Interrogative Imperative Institute

Article - The Precautionary Principle


With the kind permission of Peter Montague, the editor of the Rachel E-Zine on environmental issues, articles from the archives of Rachel are being re-printed through this web site. These articles offer a very good overview of many facets of environmental research, issues, problems, questions, and challenges, but for a far more comprehensive, in-depth introduction to ecology please go to the Environmental Research Foundation web page directly.

The Precautionary Principle


[During 2001, the "precautionary principle" to guide environmental decision-making became widely-recognized as an important alternative to business as usual: The NEW YORK TIMES wrote positively about precautionary action,[1] the environmental community (worldwide) embraced the principle enthusiastically, and corporations -- which had begun to attack the principle crudely in 2000[2] -- launched a more sophisticated attack in 2001.[3]

In late 2001, 77 scientists and teachers from 16 countries issued the Lowell Statement on Science and Precaution.[4] The meeting that produced this statement now has its own web site: Here is the text of the Lowell Statement:]

Lowell Statement on Science and the Precautionary Principle, December 17, 2001; Statement from the International Summit on Science and the Precautionary Principle; Hosted by the Lowell Center for Sustainable Production, University of Massachusetts Lowell 20-22 September 2001.

Growing awareness of the potentially vast scale of human impacts on planetary health has led to a recognition of the need to change the ways in which environmental protection decisions are made, and the ways that scientific knowledge informs those decisions. As scientists and other professionals committed to improving global health, we therefore call for the recognition of the precautionary principle as a key component of environmental and health policy decision-making, particularly when complex and uncertain threats must be addressed.

We reaffirm the 1998 Wingspread Statement on the Precautionary Principle [see REHN #586] and believe that effective implementation of this principle requires the following elements:

** Upholding the basic right of each individual (and future generations) to a healthy, life-sustaining environment as called for in the United Nations Declaration on Human Rights;

** Action on early warnings, when there is credible evidence that harm is occurring or likely to occur, even if the exact nature and magnitude of the harm are not fully understood;

** Identification, evaluation and implementation of the safest feasible approaches to meeting social needs;

** Placing responsibility on originators of potentially dangerous activities to thoroughly study and minimize risks, and to evaluate and choose the safest alternatives to meet a particular need, with independent review; and

** Application of transparent and inclusive decision-making processes that increase the participation of all stakeholders and communities, particularly those potentially affected by a policy choice.

We believe that effective application of the precautionary principle requires interdisciplinary scientific research, as well as explicitness about the uncertainties involved in this research and its findings.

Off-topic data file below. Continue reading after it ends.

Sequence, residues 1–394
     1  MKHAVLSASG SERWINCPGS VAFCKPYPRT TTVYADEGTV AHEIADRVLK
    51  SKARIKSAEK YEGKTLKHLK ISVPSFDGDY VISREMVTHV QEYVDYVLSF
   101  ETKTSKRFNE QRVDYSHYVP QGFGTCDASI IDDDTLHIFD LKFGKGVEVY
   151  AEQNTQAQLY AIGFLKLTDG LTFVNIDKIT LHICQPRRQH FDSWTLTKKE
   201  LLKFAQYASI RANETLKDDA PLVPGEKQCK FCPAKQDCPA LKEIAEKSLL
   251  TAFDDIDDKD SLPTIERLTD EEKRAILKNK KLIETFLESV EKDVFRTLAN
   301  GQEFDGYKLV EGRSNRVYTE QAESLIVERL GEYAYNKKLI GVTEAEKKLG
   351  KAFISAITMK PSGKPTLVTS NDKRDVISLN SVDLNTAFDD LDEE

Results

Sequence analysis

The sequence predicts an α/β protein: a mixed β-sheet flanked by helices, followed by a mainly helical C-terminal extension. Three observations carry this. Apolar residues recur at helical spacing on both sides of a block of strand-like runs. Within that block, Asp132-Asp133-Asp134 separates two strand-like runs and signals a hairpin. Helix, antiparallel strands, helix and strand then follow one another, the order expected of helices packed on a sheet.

Precautionary decision-making is consistent with "sound science" because of the large areas of uncertainty and even ignorance that persist in our understanding of complex biological systems, in the interconnectedness of organisms, and in the potential for interactive and cumulative impacts of multiple hazards. Because of these uncertainties, science will sometimes be incapable of providing clear and certain answers to important questions about potential environmental hazards. In these instances, policy decisions must be made on the basis of sound judgment, open discussion, and other public values, in addition to whatever scientific information is available. We believe that waiting for incontrovertible scientific evidence of harm before preventive action is taken can increase the risk of costly mistakes that can cause serious and irreversible harm not only to ecosystem and human health and well-being, but also to the economy.

Some of the ways that scientific information is currently applied in formulating policy can work against the ability to take precautionary action, for example by misrepresenting limitations in the state of scientific knowledge. Decision-makers frequently look for high levels of proof of causal links between a technology and a risk before acting, so that their decisions will be protected from accusations of being arbitrary. But often, high levels of proof cannot be achieved, and are not likely to be forthcoming in the foreseeable future. A more complete and open presentation from scientists on the current limitations in understanding of environmental risks will encourage the acceptance on the part of government decision-makers and the public of the idea that precautionary action is a prudent and effective strategy when potential risks are large and uncertainties are large as well.

It is not only the communication between scientists and policy makers, however, which needs improvement. We believe that there are ways in which the current methods of scientific inquiry may also retard precautionary action. For example, research frequently focuses on narrow, quantifiable aspects of problems, thus inadvertently excluding from consideration potential interactions among different components of the complex biologic systems of which humans are a part. The compartmentalization of scientific knowledge further impedes the ability of science to detect and investigate early warnings and develop options for preventing harm when far-reaching health and environmental risks are involved. Unfortunately, limitations in scientific tools and in the ability to quantify causal relationships are often misinterpreted by government decision-makers, scientists, and proponents of hazardous activities as evidence of safety. However, not knowing whether an action is harmful is not the same thing as knowing that it is safe.